Things to Consider Before Taking a Cash Advance

With few exceptions, cardholders should pay off credit card balances every month to avoid paying interest. Always pay off cash advances as quickly as possible to avoid falling into debt.

1. High-Interest Rates

Interest rates for cash advances are usually higher than interest rates for regular purchases. Most credit card companies do not offer a grace period for cash advances, meaning a cardholder is not given time to pay off the balance before interest starts to accrue. Instead, interest accrues on the day the cash advance withdrawal is made. The cardholder faces a huge risk for exponential debt growth if cash advance balances are not paid off quickly.

2. One-Time Cash Advance Fees

Every time a cardholder withdraws money from an ATM, the credit card company will usually charge a one-time fee of 3% to 5% or $8 to $10 (whichever is greater). The exact fee will be described in the card’s terms and conditions—so read those carefully before making a cash advance withdrawal (or, better yet, before applying for the card). Cash advance fees plus an ATM fee can quickly add up for the cardholder making this an expensive method to obtain cash.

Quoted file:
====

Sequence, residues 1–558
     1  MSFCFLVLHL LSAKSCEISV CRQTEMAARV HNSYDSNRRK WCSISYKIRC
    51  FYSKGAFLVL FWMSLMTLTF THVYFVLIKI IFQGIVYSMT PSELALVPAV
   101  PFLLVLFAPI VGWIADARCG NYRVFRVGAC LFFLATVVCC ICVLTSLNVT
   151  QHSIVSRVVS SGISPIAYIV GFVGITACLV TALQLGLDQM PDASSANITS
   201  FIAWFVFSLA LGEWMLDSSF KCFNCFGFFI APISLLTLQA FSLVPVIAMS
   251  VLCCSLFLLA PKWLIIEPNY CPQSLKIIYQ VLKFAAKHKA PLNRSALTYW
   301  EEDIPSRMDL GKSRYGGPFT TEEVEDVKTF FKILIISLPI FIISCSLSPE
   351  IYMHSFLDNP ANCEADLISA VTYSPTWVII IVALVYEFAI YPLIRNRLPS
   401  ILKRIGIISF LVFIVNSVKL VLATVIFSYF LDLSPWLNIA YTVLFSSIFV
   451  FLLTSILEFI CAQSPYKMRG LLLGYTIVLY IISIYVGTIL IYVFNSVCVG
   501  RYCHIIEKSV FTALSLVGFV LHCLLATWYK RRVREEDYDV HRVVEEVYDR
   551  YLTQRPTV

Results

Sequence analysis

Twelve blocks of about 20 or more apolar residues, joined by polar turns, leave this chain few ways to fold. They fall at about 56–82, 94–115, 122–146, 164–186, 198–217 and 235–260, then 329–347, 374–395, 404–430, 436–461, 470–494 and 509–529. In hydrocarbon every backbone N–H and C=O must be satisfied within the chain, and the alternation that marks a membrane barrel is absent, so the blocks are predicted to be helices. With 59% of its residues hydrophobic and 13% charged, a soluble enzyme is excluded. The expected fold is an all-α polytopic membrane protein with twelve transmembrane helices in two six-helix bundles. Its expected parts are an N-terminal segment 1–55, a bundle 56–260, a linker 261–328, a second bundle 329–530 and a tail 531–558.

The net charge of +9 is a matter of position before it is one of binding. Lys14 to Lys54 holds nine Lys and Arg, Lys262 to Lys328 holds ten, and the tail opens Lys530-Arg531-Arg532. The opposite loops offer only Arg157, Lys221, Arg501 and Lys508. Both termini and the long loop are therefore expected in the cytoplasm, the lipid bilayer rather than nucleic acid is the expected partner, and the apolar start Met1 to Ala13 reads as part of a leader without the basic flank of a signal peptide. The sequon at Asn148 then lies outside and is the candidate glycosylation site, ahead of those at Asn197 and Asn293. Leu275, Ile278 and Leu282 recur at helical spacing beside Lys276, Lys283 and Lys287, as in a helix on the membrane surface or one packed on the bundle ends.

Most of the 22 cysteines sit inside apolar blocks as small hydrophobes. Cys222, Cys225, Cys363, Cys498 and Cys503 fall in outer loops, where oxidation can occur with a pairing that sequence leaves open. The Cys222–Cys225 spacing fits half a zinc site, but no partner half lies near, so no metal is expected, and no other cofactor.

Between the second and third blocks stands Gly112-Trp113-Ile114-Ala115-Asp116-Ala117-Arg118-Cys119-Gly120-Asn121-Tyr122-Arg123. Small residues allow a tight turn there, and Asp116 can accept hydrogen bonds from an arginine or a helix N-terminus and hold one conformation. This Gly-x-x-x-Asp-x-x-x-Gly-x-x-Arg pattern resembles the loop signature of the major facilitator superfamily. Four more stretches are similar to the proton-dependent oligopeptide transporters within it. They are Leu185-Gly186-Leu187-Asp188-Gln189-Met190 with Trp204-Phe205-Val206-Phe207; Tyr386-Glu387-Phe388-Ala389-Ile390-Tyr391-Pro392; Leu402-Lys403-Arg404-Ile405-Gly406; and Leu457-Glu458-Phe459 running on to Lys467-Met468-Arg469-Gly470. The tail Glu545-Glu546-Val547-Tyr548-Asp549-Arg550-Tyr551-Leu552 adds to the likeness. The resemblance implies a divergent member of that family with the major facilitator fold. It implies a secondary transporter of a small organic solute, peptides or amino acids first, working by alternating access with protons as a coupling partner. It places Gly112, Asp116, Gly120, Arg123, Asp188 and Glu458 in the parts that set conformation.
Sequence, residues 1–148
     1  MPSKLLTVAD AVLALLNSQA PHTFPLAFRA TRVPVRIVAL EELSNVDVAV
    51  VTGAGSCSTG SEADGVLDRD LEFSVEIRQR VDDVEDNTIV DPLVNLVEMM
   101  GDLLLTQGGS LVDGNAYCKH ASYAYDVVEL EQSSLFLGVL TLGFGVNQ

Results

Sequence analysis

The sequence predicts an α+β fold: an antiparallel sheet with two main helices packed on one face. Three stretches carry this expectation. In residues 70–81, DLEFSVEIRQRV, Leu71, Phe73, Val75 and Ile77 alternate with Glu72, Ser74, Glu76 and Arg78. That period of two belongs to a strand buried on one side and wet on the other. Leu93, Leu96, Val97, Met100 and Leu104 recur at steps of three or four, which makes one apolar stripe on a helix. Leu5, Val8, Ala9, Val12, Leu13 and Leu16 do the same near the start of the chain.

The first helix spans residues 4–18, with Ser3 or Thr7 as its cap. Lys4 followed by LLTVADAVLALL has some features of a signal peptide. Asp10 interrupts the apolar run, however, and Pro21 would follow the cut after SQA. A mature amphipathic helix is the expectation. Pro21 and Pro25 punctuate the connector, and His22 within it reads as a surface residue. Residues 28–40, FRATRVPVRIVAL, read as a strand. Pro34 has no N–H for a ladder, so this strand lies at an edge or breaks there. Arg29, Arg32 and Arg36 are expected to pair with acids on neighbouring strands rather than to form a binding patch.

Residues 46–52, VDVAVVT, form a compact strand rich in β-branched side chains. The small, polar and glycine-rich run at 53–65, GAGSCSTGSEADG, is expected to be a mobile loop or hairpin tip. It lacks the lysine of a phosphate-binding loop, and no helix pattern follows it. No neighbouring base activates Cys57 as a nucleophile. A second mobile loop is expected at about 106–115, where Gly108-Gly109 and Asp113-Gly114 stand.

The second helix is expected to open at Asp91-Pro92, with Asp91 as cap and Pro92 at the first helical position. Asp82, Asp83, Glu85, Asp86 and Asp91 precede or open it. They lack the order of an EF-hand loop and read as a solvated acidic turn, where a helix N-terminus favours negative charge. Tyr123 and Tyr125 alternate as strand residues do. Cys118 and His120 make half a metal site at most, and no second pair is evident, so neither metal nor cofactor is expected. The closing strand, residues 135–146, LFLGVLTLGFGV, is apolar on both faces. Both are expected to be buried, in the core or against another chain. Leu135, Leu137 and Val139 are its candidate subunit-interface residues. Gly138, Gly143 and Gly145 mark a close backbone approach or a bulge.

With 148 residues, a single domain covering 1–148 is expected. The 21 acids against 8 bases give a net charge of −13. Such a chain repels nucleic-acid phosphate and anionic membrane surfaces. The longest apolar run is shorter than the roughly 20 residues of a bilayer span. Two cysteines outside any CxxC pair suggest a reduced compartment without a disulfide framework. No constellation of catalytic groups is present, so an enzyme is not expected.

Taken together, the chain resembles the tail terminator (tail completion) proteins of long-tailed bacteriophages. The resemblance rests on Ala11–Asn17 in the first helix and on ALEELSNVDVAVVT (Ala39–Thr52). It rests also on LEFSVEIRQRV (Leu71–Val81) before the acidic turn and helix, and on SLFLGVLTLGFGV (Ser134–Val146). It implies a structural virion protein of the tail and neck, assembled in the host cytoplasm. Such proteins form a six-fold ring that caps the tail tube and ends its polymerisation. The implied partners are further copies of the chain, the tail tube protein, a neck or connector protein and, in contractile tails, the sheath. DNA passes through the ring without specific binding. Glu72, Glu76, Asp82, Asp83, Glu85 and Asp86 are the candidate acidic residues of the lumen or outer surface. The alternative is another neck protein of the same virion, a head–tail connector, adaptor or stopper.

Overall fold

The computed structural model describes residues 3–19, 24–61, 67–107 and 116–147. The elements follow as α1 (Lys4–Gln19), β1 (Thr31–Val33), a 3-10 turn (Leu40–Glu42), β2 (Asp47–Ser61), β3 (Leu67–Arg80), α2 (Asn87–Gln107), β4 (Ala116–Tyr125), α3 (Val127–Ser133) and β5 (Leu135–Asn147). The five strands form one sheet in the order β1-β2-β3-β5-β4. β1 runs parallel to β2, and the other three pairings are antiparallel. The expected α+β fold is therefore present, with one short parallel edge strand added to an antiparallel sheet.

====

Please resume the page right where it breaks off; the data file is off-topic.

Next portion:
3. Negative Effects on Credit Scores

Taking out even one cash advance could lead to a decrease in credit score if not paid off quickly. Just as with regular purchases, cash advances will lower a cardholder’s available credit. If the account balance isn’t paid and interest continues to accrue daily, a cardholder’s credit utilization rate can skyrocket as available credit drops. This can lead to a decrease in credit score. Lenders may also view cardholders as a credit risk if they ever apply for a new card or want to take out a loan for a car or mortgage and available credit is reduced. Note that landlords also may consider credit when deciding to rent a room, apartment or house.

How to Take Out a Cash Advance

Withdrawing money from an ATM using a credit card is a simple process. It’s like withdrawing money from an ATM using a debit card with only a few slight differences.